The purpose of CBAM is to treat certain imported goods with the same regime as that applicable to domestically produced goods. The mechanism is based on the actual amounts of GHG emissions embedded in goods, which means that if the manufacturer is able to decarbonize the production processes, or if the country of production implements emissions trading systems with a price equivalent to the EU ETS, importers will no longer be subject to the obligation to acquire CBAM certificates. In addition, it is possible that the amount paid for the GHG emissions in the country of production is taken into account within the framework of CBAM.

CBAM will be implemented starting from October 1 of this year, however, a transitional phase will apply until 2026, during which importers of goods will only have the obligation of quarterly reporting, without the corresponding financial obligations. Both direct and indirect CO2 emissions embedded in imported goods should be reported. After the transitional phase, indirect emissions will be considered only for the cement and fertilizer sectors. In addition, in the case of non-fulfilment or improper fulfillment of the reporting obligation during the transition period, the importer may be fined between 10 and 50 euros for each ton of undeclared CO2 emissions.

CBAM complies with the “polluter pays” principle and is the first international mechanism of its kind. It is expected that the CBAM will encourage countries to set up national carbon pricing mechanisms, thereby ensuring that the cost of air pollution is kept at home rather than flowing to the EU. The EU estimates that, once fully implemented, CBAM will cover more than 50% of emissions from sectors covered by the ETS and reduce CO2 emissions by 14% by 2030.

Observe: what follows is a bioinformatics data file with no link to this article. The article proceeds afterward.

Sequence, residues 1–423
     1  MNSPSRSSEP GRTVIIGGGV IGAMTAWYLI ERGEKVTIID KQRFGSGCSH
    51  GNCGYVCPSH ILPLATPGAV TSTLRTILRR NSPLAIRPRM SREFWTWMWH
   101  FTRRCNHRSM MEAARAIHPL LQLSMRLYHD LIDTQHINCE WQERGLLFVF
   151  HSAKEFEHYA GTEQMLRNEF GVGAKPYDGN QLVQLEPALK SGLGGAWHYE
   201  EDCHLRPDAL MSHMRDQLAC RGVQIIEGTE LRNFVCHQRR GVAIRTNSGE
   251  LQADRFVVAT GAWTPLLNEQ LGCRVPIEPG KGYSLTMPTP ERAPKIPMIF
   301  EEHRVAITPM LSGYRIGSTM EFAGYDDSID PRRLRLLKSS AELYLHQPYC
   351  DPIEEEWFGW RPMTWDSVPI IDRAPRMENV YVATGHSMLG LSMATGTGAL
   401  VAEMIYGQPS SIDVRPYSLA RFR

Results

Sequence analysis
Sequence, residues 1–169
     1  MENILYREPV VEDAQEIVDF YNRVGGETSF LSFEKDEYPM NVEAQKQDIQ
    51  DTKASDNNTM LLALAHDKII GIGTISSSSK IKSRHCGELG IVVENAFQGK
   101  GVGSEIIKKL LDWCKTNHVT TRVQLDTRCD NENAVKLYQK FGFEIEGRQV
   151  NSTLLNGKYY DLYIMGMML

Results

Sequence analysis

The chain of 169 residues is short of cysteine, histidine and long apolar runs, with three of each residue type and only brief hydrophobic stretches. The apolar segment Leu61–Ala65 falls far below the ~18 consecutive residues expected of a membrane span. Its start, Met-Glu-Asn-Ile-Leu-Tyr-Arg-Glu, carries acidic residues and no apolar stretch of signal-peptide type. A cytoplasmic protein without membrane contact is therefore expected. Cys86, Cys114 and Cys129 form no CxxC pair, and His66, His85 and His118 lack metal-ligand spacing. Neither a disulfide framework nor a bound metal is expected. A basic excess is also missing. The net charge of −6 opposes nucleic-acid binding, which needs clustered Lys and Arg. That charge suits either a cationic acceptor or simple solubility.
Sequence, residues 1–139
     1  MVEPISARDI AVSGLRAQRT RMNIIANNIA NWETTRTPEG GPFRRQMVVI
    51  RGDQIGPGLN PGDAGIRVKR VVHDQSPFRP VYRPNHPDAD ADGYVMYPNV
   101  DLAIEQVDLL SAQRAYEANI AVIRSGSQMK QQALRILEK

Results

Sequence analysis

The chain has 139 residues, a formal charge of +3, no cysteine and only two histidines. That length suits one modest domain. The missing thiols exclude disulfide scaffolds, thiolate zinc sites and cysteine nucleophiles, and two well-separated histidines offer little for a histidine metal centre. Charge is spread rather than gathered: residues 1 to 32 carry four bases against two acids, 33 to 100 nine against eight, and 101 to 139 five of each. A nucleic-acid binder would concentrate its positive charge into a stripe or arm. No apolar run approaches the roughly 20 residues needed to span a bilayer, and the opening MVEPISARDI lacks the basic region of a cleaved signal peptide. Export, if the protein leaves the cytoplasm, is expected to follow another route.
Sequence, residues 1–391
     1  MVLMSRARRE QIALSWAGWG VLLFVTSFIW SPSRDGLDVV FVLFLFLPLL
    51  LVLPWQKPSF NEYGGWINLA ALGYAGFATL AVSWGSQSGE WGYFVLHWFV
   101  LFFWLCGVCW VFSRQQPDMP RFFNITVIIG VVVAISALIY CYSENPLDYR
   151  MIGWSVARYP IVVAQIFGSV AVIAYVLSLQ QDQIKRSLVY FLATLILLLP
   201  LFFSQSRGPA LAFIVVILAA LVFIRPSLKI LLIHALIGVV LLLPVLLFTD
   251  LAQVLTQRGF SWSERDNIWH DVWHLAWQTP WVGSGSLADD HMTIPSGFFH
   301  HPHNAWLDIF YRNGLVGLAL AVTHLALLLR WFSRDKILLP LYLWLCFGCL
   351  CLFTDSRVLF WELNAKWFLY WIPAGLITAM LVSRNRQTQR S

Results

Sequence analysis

The CBAM is undoubtedly an important step to protect the climate, but it will also have a significant impact on international trade. Some developing countries believe that with CBAM, the burden of climate change is shifting to them. According to a Bloomberg Intelligence analysis, the mechanism could increase the cost of electricity imports by up to 19%. According to a study by the Task Force on Climate, Development and the IMF, implementation of CBAM is expected to increase welfare by US$11 billion in certain developed countries and decrease welfare by US$9 billion in certain developing countries. According to a study prepared by the London School of Economics and the African Climate Foundation, with the implementation of CBAM, it is possible to reduce Africa’s GDP by US$25 billion annually. In addition, some countries, including China, India and South Africa, question CBAM’s compatibility with World Trade Organization rules that require equal treatment of imported and domestically produced goods.

As for the direct impact of CBAM on Georgia, in this regard, it is necessary to carry out appropriate studies. In 2022, goods worth 862.5 million US dollars were exported from Georgia to the European Union, which is 15.4% of the total export value. It is necessary to properly prepare those producers in Georgia who will be subject to CBAM requirements from October 1, 2023. This, among others, implies the implementation of methodologies for calculating the amount of CO2 embedded in the production of goods, which may be related to certain challenges”.